Embraer Wants To Bring Flying Taxis To Australia By 2026

A startup backed by Brazilian planemaker Embraer is eyeing bring flying taxis, sorry, an urban air mobility ecosystem, to several cities around the Asia-Pacific region by 2026. Startup Eve says the first aerial taxi ranks will be installed in Bangkok, Manila, Singapore, Tokyo, and Melbourne.

Another startup urban air mobility is eyeing aerial taxi services in various Asia-Pacific cities. Photo: Eve

Bangkok, Manila, Singapore, Tokyo, and Melbourne on Eve’s radar

For many of these cities, this isn’t a new idea. Melbourne got a surprise in 2019 when Uber Air announced plans for an aerial taxi service in that city by 2023. Alas, Uber quietly killed that idea within 12 months.

In far denser Asian cities like Bangkok and Tokyo, schemes for manned and unmanned aerial taxi services have come and gone.

Now Eve and a partner want a crack at the market. Eve is an EmbraerX spinoff. EmbraerX is a design and innovation incubator. EmbraerX also has links to the ill-fated Uber Air. Eve is in the urban air mobility business.

“Its advanced electric vertical aircraft (EVA), coupled to its comprehensive global services and support network, and a unique air traffic management solution, make Eve a serious contender in this space,” said Embraer in a statement on Tuesday.

The urban air mobility aircraft are developed by Eve, an EmbraerX spinoff. Photo: Eve

Stay informed: Sign up for our daily and weekly aviation news digests.

Eve to provide some 100 eVTOL aircraft to Singaporean business Ascent

Eve has teamed up with Singaporean company Ascent to provide up to 100,000 hours of flight time per year on electric vertical and takeoff and landing (eVTOL) from 2026 in these cities.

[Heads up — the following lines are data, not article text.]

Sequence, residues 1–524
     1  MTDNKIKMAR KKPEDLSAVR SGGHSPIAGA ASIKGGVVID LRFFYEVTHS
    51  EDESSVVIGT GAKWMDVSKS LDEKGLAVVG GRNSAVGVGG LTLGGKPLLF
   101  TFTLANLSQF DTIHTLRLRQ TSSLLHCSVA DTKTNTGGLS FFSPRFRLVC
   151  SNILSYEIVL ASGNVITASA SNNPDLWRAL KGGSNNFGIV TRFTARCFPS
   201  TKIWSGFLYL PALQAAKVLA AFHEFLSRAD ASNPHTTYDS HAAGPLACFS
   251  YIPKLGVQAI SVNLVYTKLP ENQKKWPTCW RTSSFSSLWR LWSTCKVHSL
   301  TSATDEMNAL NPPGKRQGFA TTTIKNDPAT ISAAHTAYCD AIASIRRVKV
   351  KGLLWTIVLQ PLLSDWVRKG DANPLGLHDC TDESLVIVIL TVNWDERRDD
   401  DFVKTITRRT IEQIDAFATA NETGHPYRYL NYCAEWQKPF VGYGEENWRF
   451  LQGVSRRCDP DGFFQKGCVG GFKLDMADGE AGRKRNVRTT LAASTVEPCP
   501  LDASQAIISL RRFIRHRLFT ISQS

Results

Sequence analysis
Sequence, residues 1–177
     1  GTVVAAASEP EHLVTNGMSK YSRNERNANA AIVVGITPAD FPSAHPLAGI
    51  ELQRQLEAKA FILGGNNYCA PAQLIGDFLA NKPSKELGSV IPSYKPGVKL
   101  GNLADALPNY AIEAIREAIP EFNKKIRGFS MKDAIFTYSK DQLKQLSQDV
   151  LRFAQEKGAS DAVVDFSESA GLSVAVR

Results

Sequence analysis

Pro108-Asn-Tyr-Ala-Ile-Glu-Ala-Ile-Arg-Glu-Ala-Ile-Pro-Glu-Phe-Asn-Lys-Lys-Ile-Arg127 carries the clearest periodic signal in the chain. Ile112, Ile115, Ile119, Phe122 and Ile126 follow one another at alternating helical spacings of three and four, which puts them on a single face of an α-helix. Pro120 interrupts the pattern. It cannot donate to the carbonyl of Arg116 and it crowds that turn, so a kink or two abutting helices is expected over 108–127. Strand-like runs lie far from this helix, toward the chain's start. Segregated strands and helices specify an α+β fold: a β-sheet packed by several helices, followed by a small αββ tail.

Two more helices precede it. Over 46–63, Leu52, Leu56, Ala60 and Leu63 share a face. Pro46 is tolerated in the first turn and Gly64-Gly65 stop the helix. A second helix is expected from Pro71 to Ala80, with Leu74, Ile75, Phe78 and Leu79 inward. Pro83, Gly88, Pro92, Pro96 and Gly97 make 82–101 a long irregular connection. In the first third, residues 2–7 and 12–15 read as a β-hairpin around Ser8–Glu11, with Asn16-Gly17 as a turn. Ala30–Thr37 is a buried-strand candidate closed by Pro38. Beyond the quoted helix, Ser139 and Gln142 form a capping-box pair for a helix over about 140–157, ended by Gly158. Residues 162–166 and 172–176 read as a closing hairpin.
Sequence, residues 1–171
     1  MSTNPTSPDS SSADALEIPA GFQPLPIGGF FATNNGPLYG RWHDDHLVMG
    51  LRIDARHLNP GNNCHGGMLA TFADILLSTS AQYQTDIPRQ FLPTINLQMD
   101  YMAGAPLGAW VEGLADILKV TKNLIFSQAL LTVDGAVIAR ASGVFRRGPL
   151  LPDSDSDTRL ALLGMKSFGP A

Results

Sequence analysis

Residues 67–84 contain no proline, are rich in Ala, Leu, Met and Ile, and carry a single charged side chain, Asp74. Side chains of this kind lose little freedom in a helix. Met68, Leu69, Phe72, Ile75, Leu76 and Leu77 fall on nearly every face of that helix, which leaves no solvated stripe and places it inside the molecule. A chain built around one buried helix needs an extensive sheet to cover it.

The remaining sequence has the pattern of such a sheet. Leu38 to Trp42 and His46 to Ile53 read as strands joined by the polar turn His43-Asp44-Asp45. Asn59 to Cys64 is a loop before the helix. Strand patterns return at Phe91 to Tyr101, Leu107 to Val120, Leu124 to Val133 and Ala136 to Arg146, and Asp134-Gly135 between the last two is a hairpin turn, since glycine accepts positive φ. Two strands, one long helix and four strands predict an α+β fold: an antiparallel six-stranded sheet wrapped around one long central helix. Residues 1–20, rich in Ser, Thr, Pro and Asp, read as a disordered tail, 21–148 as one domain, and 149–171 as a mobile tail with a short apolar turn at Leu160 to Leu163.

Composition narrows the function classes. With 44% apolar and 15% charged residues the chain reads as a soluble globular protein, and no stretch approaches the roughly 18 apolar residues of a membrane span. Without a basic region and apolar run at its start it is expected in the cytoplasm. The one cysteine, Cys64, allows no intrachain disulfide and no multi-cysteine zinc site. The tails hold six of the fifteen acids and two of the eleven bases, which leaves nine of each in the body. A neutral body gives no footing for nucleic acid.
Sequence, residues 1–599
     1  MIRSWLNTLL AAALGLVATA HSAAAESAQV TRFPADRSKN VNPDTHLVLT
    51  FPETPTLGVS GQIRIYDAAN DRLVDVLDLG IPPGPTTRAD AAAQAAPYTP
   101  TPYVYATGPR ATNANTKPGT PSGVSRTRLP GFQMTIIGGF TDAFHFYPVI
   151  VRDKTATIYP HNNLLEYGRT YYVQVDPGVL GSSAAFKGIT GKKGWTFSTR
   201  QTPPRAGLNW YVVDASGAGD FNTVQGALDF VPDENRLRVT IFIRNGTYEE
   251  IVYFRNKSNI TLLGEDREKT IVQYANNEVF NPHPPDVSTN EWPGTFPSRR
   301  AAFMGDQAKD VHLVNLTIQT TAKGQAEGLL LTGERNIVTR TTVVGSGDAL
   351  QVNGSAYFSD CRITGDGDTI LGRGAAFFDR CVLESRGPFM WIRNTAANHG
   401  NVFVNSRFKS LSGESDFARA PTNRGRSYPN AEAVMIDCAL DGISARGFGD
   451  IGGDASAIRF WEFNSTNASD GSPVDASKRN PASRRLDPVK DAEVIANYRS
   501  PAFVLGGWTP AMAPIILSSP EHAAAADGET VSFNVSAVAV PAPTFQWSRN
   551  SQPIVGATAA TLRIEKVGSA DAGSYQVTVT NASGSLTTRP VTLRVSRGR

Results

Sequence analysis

At the moment, Ascent does conventional private jet charters, helicopter charters, and medivacs. But Ascent is also expanding into the urban air mobility market.

“Ascent is one of the greatest players of urban air mobility in Asia-Pacific and its strong presence in the region makes it an ideal partner for Eve’s operations,” says Andrew Stein, President and CEO of Eve. “The region holds a massive demand for transportation disruption that can be filled with our low emission aircraft.”

While Eve plans to send 100 eVTOL aircraft to Ascend, details on the aircraft are thin on the ground. According to EmbraerX, Eve is developing a “portfolio of solutions” in the urban air mobility market. Eve says the first flight of the engineering simulator happened in July 2020. Proof of concept followed in October.

An interesting idea, but eVTOL aerial taxis are yet to get off the ground. Photo: Eve

eVTOL aerial taxi flights still at concept stage

While there’s some slick imagery on Embraer X’s website, hard specs on potential aircraft types are tough to source. However, since first venturing into urban air mobility in 2019, Eve has signed deals similar to this week’s deal with Blade for markets in Florida and the US West Coast, Kenya Airways, and Flapper to roll out aerial taxis in key South American cities.

But to date, no significant eVTOL aerial taxi business has got off the ground. While interesting and with significant potential, the industry is still in the development phase. There is no guarantee it will get past this stage.

Back in Melbourne, aviation authorities are at least open to the idea. Late last year, EmbraerX said it was talking to Airservices Australia, the country’s civil air navigation service provider, about operating aerial taxis in Melbourne. Airservices Australia was reportedly keen to engage.

But as Uber Air discovered, making the leap from concept to reality can be easier said than done. Uber Air’s premature boosterism of its aerial taxi service and subsequent failure reduced that business to a laughing stock in Melbourne. It’s a fate Embraer X, Eve, and Ascend will be keen to avoid.

Do you think we will see eVTOL aerial taxis flying by 2026? Post a comment and let us know